In the wake of a $100 million lower court verdict stemming from a fatal 2014 crash, Werner Enterprises Inc. is seeking relief from the Texas Supreme Court. This verdict is one of the most substantial financial judgments ever against a motor carrier, and its history dates back to a 2018 trial.
The Background of the Case
The accident in question happened when a pickup truck, driven by a friend of the plaintiff, skidded on an icy interstate. Losing control, the pickup crossed the highway median and slammed into a Werner tractor driving on the opposite side.
Following the verdict in 2018, Werner made an initial appeal to the Texas Fourteenth Court of Appeals in Houston. This appeal was narrowly denied in a 5-4 decision after being delayed in the legal system for a considerable period.
The Points of Contention
At the core of Werner’s appeal are several areas of disagreement:
- Negligence Finding: Werner took issue with the jury’s determination that both the driver and the company were negligent.
- Admissibility of Evidence: Werner disagreed with the judge’s decision to admit certain pieces of evidence during the trial.
- Medical Expense Awards: Werner also contested the jury’s decision to grant future medical care expenses for the plaintiffs.
In the brief Werner filed with the high court on Aug. 17, the company emphasized the significance of the legal questions raised by this appeal. Central to their argument is the expectation that drivers should foresee the chance of vehicles from opposite lanes suddenly crossing into their path and possibly even exiting the road to avoid such unpredictable incidents. Werner stressed that anticipating such rare events could unfairly burden a driver with complete responsibility for most accidents.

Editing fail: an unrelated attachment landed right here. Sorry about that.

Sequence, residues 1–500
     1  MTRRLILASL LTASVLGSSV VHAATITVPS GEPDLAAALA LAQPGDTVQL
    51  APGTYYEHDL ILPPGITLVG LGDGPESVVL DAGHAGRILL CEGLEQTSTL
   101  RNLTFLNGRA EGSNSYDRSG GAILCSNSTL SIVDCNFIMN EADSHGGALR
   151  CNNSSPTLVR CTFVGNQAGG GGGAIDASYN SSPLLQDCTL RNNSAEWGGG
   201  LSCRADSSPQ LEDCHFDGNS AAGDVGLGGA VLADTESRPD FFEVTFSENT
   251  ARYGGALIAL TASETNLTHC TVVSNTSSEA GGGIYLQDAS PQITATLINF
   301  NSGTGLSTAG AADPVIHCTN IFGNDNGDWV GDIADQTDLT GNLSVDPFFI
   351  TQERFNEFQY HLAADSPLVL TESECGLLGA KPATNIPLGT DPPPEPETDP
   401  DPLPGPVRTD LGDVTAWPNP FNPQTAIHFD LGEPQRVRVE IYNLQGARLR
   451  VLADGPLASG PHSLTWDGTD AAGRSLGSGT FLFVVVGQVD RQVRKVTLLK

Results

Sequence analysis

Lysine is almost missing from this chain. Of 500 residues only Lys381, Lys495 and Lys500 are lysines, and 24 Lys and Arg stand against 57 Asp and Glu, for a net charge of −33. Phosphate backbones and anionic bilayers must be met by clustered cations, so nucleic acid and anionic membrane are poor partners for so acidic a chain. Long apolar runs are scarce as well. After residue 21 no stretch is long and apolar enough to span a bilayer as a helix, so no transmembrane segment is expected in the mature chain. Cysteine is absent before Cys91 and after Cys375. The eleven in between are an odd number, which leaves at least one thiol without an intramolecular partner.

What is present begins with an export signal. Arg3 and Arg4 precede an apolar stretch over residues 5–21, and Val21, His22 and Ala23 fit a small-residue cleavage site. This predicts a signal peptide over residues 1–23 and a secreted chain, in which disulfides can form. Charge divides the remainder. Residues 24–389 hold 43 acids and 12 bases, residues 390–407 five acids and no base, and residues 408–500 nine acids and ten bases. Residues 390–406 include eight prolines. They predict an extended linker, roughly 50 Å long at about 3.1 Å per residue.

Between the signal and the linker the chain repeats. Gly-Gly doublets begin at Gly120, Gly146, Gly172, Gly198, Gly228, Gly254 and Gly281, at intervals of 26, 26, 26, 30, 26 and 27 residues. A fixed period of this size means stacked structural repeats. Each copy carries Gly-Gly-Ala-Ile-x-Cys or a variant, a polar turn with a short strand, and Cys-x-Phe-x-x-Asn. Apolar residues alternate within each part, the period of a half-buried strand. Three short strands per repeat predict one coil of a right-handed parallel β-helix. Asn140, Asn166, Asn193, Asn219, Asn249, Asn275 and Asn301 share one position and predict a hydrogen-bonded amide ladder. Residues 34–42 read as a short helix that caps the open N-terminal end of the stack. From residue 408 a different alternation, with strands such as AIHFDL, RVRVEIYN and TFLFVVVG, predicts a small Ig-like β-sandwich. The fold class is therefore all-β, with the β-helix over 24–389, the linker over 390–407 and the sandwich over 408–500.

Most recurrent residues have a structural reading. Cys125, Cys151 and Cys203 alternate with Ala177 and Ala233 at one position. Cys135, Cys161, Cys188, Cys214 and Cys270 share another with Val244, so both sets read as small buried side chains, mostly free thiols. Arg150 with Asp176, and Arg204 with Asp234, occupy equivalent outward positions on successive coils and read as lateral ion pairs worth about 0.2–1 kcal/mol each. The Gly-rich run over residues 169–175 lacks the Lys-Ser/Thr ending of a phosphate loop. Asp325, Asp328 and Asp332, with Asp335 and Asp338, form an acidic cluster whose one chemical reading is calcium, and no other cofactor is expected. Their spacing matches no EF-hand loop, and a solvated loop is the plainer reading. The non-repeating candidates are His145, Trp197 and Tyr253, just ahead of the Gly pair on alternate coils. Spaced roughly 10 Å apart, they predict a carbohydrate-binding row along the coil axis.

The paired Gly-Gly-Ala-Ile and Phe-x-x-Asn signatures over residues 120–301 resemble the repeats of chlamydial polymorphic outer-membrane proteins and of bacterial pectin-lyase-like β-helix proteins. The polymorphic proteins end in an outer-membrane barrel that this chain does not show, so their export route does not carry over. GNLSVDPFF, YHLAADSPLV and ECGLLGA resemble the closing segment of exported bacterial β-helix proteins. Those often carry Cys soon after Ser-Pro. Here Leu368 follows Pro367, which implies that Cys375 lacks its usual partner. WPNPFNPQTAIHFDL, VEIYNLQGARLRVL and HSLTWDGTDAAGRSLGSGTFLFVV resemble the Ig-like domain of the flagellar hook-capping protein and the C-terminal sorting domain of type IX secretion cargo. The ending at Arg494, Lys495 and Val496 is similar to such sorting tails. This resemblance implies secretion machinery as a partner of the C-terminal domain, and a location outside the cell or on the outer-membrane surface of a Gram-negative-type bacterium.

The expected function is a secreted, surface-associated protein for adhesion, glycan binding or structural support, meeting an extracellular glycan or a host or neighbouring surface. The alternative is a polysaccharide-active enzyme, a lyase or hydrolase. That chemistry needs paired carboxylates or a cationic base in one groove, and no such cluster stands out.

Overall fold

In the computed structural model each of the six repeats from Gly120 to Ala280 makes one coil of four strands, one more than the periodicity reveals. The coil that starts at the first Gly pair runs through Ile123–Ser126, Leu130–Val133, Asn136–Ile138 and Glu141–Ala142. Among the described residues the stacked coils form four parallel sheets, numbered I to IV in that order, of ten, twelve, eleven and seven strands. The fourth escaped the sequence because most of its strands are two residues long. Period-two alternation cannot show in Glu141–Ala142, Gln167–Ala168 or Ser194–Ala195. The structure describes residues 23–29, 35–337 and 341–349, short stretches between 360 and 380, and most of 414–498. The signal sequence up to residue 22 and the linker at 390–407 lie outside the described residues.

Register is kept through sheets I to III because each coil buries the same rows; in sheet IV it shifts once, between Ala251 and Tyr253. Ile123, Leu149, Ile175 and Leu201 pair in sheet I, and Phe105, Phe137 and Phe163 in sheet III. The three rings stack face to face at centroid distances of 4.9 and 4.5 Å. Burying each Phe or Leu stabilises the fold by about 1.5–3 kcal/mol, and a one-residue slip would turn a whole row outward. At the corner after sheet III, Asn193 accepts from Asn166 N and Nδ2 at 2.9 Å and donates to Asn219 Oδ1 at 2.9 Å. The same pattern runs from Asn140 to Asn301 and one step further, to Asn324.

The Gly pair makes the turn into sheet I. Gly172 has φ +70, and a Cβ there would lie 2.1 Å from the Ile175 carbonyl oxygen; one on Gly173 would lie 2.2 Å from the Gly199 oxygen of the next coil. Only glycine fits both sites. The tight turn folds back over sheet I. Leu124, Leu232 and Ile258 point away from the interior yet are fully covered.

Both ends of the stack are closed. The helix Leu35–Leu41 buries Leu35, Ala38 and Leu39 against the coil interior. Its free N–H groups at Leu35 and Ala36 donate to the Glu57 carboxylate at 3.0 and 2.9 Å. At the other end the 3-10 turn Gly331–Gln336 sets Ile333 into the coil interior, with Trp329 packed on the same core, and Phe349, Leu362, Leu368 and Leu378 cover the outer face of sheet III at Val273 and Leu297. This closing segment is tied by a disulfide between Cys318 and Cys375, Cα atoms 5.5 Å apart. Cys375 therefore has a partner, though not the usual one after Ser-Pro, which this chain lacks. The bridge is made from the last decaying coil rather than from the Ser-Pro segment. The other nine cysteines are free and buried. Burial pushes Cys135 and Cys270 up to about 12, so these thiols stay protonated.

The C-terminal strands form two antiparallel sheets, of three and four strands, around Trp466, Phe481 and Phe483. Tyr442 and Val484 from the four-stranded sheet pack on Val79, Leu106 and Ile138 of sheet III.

The Accident Details
From Werner’s perspective, the critical facts of the accident are clear and uncontested: their driver, Shiraz Ali, was appropriately driving in his lane and had full control of his tractor-trailer when the plaintiff’s vehicle abruptly veered into his trajectory, providing him with no chance to prevent the tragic collision.
Furthermore, although there was patchy ice in the area, it was daylight, and Ali was driving his vehicle safely below the speed limit. Werner’s standpoint is that, while the accident had unfortunate outcomes, the actions of Ali did not directly cause those outcomes.
The plaintiff’s argument during the trial was that Ali should have been driving even slower, which would have positioned him differently on the road when the accident occurred.
The appellate brief from Werner points to the testimony of the officer who investigated the accident. According to this officer, the accident was purely incidental; Ali was not at fault, and there was nothing he could have done differently to avoid the crash.
In conclusion, this case has raised significant questions about driver responsibility, foreseeability in accident scenarios, and the legal expectations placed on motorists.
Matthew M. Leffler